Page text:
The Constitution of the State, Adopted 1780

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Page 63 - The person having the greatest number of votes as vice president, shall be the vice president, if such number be a majority of the whole number of electors appointed, and if no person have a majority, then from the two highest numbers on the list the senate shall choose the...
Page 59 - In all our deliberations on this subject we kept steadily in our view, that which appears to us the greatest interest of every true American, the consolidation of our Union, in which is involved our prosperity, felicity, safety, perhaps our national existence.
Page 59 - It is obviously impracticable, in the Federal Government of these States, to secure all rights of independent sovereignty to each, and yet provide for the interest and safety of all. Individuals entering into society must give up a share of liberty to preserve the rest.
Page 9 - A frequent recurrence to the fundamental principles of the constitution, and a constant adherence to those of piety, justice, moderation, temperance, industry, and frugality, are absolutely necessary to preserve the advantages of liberty, and to maintain a free government.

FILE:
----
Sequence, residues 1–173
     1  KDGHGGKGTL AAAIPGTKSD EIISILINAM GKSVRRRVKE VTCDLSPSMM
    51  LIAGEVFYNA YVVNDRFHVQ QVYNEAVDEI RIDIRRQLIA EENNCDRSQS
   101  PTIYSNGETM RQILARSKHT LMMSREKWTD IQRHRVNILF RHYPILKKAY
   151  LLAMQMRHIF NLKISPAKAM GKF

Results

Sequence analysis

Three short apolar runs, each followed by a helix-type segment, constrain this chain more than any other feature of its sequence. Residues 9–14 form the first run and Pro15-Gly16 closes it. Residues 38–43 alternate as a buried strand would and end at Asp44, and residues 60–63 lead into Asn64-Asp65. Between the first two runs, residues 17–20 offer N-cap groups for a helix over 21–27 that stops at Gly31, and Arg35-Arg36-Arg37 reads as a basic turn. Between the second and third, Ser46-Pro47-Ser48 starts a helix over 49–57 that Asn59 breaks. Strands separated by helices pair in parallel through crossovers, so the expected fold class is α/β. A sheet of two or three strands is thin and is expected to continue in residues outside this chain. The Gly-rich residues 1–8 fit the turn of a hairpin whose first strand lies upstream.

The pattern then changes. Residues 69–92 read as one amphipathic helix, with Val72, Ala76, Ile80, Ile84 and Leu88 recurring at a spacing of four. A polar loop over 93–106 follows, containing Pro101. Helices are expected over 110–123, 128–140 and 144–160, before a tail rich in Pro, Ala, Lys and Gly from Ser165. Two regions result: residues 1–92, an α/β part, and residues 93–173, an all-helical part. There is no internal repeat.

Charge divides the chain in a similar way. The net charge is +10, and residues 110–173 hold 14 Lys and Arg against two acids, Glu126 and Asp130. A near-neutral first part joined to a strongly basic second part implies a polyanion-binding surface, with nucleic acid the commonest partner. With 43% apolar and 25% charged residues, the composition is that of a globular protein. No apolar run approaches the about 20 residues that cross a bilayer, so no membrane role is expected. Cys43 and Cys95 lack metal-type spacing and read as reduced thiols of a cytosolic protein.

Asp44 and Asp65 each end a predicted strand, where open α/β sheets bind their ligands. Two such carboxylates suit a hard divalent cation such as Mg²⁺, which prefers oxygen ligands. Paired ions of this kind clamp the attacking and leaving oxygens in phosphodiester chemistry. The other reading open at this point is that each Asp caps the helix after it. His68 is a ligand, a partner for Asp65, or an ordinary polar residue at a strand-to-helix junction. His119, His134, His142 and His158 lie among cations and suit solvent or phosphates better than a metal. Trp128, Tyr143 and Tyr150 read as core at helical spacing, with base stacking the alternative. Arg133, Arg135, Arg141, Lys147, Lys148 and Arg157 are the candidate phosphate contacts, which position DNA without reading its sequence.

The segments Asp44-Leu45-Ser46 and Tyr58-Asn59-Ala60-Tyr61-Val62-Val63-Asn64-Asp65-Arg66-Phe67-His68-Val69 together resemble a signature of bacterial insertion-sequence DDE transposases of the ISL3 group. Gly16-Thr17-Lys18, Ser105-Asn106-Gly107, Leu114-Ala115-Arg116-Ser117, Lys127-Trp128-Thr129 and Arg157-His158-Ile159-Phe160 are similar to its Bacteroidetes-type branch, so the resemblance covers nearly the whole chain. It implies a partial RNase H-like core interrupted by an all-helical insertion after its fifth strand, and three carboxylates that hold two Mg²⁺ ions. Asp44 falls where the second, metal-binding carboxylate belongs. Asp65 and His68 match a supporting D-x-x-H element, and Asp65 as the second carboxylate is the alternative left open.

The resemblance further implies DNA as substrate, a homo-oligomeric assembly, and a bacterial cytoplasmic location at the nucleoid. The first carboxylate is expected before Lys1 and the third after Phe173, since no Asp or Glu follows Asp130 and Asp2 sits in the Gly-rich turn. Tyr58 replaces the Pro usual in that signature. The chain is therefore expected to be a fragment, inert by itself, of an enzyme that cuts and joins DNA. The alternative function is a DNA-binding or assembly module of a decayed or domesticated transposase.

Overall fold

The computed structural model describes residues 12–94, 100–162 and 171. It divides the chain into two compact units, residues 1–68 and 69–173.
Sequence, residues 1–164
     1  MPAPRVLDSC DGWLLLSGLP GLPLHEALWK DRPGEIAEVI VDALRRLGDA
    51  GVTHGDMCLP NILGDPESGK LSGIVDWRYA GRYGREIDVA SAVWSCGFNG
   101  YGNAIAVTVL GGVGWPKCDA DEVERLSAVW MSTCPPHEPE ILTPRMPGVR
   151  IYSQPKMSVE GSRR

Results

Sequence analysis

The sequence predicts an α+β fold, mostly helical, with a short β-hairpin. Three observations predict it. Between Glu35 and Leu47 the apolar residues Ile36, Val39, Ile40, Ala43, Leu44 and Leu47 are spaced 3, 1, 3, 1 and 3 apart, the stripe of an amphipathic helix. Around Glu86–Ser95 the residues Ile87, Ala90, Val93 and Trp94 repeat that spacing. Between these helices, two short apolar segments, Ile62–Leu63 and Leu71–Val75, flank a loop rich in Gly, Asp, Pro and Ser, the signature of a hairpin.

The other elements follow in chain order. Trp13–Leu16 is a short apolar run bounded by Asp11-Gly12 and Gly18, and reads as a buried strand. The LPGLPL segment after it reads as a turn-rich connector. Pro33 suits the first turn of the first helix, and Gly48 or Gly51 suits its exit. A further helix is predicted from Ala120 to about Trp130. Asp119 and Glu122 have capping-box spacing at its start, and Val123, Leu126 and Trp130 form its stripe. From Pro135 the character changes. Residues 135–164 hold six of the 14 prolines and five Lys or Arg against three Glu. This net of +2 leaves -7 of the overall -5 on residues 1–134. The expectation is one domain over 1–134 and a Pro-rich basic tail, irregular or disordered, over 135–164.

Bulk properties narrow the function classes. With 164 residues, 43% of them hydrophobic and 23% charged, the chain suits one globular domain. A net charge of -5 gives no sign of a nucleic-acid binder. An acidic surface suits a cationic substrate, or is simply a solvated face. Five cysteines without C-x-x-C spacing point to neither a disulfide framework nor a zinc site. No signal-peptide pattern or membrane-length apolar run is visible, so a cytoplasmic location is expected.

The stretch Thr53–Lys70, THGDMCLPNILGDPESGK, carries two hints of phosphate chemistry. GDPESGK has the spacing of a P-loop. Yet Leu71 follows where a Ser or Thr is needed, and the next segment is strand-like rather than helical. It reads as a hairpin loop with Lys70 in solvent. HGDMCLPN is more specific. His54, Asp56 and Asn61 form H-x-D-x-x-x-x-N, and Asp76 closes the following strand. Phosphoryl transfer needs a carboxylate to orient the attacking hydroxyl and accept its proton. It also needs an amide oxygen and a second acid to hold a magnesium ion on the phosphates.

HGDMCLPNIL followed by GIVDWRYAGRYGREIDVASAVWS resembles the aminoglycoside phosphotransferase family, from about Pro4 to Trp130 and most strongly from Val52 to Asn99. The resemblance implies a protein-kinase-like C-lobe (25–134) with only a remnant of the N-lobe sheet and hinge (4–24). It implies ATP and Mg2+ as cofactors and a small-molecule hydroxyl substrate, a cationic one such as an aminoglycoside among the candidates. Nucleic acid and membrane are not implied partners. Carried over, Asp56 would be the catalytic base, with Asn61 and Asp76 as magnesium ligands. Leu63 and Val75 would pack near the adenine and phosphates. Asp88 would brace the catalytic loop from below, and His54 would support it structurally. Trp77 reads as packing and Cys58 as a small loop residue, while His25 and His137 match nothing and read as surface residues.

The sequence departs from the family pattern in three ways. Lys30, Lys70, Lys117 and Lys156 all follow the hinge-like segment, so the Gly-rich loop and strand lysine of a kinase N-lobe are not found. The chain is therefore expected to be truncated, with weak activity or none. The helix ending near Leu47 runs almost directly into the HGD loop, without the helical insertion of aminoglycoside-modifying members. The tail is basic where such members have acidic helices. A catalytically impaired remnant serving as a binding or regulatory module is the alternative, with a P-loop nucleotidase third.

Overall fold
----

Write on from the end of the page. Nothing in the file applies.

Page 58 - The friends of our country have long seen and desired that the power of making war, peace, and treaties, that of levying money and regulating commerce, and the correspondent executive and judicial authorities, should be fully and effectually vested in the General Government of the Union...
Page 5 - And no subject shall be hurt, molested, or restrained, in his person, liberty, or estate, for worshipping God in the manner and season most agreeable to the dictates of his own conscience : or for his religious profession or sentiments ; provided he doth not disturb the public peace or obstruct others in their religious worship.
Page 23 - Court, to adjourn or piorogue the same, to any time the two Houses shall desire ; and to dissolve the same, on the day next preceding the last Wednesday in May ; and, in the recess of the said Court, to prorogue the same, from time to time, not exceeding ninety days in any one recess ; and...
Page 38 - All the laws, which have heretofore been adopted, used and approved in the province, colony or State of Massachusetts Bay and usually practised on in the courts of law, shall still remain and be in full force, until altered or repealed by the legislature, such parts only excepted, as are repugnant to the rights and liberties contained in this constitution.
Page 58 - That it is the opinion of this Convention, that as soon as the Conventions of nine States shall have ratified this Constitution, the United States, in Congress assembled, should fix a day on which Electors should be appointed by the States which shall have ratified the same...
Page 29 - ... or five of them at least, shall, and may, from time to time, hold and keep a council, for the ordering and directing the affairs of the commonwealth, agreeably to the constitution and the laws of the land.

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